This month has produced some motion on filling vacant science and technology positions. Whether this represents forward momentum or the bureaucratic equivalent of Brownian motion remains to be seen.
There is one vacancy remaining on the Nuclear Regulatory Commission, even with two nominees being confirmed around the beginning of the year. Jessie Roberson has been nominated to fill that vacancy (technically last held by a current Commissioner, Jeff Baran). Roberson is currently Vice Chairman of the Defense Nuclear Facilities Security Board, and has worked for the Department of Energy both in Washington and at two different Department nuclear facilities.
This week the President also nominated people to fill vacancies at the National Science Foundation and the Department of Energy. Richard Buckius has been nominated to fill the position of Deputy Director at the National Science Foundation (NSF), which has been vacant since August 2014. Dr. Buckius has worked at NSF before, and currently serves as both Chief Operating Officer and Senior Science Officer. His academic training is in engineering, and Buckius served as head of the Engineering Directorate from 2006 to 2008.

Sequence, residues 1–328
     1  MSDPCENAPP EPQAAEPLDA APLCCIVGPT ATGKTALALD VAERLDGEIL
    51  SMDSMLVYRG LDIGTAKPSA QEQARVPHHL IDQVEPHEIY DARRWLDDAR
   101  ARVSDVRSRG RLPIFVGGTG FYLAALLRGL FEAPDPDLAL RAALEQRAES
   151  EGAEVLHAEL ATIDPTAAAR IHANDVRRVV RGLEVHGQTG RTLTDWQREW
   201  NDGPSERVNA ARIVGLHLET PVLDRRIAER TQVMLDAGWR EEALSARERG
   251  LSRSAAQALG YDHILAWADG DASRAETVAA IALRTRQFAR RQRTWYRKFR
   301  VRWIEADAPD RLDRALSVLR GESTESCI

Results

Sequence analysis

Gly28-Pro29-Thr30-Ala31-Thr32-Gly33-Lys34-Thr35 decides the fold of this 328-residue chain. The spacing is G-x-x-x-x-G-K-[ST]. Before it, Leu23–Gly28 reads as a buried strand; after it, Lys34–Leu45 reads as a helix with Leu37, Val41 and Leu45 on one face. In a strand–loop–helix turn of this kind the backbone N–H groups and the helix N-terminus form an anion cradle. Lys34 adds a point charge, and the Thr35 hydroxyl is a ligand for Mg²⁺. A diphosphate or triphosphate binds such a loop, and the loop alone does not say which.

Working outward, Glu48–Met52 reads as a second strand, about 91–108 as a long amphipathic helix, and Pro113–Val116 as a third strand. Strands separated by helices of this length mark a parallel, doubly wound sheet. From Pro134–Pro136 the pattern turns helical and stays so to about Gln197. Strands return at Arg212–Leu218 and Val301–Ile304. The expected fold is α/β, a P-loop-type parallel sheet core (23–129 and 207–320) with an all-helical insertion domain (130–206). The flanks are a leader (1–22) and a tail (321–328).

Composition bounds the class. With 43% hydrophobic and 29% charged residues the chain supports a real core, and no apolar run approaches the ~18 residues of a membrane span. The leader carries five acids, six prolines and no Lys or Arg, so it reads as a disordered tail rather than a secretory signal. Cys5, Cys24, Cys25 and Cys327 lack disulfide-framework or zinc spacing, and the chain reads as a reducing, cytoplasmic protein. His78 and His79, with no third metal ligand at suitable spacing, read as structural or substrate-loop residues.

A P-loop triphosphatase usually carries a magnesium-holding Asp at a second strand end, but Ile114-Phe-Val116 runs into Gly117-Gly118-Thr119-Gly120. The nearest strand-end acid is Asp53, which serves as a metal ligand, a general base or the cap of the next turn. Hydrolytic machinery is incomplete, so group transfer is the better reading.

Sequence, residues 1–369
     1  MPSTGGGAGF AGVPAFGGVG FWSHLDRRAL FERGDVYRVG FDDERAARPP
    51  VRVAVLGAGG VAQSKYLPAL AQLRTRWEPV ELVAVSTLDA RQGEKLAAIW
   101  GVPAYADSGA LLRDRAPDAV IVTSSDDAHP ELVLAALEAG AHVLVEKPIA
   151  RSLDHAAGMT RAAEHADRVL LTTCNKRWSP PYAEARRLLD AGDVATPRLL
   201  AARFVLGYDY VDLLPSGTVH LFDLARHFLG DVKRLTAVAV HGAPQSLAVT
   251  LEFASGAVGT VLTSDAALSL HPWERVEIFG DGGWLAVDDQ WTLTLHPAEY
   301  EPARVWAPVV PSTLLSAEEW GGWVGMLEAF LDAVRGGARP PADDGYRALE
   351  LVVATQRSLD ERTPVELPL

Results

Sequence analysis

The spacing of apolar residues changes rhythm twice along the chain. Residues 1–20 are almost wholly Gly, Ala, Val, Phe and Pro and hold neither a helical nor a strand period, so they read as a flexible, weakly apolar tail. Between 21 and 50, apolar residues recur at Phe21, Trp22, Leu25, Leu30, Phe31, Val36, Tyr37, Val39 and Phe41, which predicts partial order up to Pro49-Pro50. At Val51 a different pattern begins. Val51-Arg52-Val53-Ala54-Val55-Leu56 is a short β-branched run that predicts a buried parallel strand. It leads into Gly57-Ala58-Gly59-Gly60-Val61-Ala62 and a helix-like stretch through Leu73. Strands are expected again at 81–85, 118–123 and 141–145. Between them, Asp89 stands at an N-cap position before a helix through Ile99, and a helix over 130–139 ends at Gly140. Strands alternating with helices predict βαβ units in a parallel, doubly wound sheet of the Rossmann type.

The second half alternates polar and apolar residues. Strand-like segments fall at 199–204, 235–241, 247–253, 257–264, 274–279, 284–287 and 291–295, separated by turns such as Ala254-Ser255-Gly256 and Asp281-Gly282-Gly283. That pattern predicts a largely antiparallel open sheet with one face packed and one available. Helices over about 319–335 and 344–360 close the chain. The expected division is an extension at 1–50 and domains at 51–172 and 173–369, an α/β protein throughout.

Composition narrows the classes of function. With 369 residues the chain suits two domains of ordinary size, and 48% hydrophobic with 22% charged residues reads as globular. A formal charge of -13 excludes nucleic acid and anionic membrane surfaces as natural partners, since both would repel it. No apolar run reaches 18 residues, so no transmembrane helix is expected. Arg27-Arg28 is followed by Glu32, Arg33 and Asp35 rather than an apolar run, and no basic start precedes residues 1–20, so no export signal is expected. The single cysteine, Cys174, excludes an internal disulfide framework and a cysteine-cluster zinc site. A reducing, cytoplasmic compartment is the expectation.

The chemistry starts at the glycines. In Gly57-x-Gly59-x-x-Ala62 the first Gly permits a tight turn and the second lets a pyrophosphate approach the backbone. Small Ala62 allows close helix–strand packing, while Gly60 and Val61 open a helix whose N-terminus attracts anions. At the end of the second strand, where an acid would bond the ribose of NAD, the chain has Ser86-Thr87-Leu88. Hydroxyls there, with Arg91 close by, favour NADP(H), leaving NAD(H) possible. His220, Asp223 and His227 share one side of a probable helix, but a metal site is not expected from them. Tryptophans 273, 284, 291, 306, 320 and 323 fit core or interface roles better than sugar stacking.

Cherry Murray, a Harvard physicist who received the National Medal of Technology and Innovation last year, has been nominated to serve as Director of the Office of Science at the Department of Energy. There has not been a confirmed Director of the Office since 2013. Marc Kastner was nominated to the position in 2013, but did not receive a Senate vote before the end of that Congress in December 2014. Cherry worked at Bell Labs for much of her career, and also at the Department of Energy’s Lawrence Livermore Laboratory. She currently holds academic appointments in Technology and Public Policy as well as Physics at Harvard.